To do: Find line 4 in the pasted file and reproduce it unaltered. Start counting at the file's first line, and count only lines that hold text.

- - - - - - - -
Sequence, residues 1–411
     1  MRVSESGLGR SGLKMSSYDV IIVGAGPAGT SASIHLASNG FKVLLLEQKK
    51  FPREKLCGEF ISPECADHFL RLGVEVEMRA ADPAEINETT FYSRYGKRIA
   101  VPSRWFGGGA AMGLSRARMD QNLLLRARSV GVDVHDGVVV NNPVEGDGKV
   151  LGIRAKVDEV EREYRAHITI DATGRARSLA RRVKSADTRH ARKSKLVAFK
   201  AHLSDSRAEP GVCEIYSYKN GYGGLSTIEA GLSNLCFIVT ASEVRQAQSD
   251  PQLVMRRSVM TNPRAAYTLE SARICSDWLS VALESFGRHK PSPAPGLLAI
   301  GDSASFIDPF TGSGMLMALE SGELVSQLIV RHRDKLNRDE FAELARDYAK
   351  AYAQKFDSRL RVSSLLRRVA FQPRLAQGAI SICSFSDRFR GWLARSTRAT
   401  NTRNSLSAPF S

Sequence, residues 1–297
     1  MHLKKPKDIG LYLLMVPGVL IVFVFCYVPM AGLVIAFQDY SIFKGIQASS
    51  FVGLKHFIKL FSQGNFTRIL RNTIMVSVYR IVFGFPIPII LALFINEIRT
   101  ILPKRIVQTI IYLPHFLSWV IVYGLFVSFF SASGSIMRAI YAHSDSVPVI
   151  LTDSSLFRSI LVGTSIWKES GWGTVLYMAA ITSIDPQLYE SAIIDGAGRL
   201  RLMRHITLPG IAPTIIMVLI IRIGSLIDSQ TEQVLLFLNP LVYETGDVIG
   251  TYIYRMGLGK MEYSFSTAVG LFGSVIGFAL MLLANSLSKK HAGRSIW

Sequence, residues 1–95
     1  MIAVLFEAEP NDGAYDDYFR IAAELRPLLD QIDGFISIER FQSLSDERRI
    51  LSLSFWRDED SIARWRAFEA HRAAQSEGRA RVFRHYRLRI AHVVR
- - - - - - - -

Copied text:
   101  VPSRWFGGGA AMGLSRARMD QNLLLRARSV GVDVHDGVVV NNPVEGDGKV